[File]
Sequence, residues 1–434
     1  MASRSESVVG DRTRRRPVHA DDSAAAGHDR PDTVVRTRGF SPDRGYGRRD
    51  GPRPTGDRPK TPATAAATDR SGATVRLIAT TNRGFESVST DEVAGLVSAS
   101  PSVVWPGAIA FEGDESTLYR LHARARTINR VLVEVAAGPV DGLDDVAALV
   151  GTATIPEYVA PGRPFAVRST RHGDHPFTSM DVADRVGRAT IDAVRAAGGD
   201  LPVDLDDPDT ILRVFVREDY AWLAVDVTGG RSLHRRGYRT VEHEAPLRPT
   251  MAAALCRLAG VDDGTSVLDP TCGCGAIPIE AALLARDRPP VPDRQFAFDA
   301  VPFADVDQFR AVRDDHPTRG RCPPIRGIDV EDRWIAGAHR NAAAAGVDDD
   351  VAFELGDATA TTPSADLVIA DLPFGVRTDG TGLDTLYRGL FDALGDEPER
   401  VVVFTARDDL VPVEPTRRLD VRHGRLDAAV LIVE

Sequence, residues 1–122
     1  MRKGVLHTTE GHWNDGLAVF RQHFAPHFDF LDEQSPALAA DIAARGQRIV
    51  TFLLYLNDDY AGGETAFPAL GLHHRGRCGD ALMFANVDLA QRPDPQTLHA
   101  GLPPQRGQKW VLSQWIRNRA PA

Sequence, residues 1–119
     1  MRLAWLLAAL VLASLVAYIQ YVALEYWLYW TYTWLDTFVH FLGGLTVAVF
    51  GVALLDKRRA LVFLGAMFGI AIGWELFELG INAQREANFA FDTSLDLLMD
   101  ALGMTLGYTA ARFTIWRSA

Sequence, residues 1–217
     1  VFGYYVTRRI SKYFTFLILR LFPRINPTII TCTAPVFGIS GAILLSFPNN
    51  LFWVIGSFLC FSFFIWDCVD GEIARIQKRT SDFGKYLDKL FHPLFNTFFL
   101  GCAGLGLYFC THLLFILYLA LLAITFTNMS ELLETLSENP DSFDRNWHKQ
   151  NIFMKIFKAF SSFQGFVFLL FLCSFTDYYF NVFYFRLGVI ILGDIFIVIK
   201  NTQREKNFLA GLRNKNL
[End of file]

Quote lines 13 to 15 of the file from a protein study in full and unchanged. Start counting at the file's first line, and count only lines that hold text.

    51  TFLLYLNDDY AGGETAFPAL GLHHRGRCGD ALMFANVDLA QRPDPQTLHA
   101  GLPPQRGQKW VLSQWIRNRA PA

Sequence, residues 1–119